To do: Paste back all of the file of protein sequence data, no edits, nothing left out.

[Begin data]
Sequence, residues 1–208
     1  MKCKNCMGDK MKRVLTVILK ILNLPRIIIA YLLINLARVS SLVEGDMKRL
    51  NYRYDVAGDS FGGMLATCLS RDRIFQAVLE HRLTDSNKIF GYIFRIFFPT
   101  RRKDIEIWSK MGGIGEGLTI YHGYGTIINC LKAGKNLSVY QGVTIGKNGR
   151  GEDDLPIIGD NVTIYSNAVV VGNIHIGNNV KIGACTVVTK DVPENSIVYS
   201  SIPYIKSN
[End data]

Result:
Sequence, residues 1–208
     1  MKCKNCMGDK MKRVLTVILK ILNLPRIIIA YLLINLARVS SLVEGDMKRL
    51  NYRYDVAGDS FGGMLATCLS RDRIFQAVLE HRLTDSNKIF GYIFRIFFPT
   101  RRKDIEIWSK MGGIGEGLTI YHGYGTIINC LKAGKNLSVY QGVTIGKNGR
   151  GEDDLPIIGD NVTIYSNAVV VGNIHIGNNV KIGACTVVTK DVPENSIVYS
   201  SIPYIKSN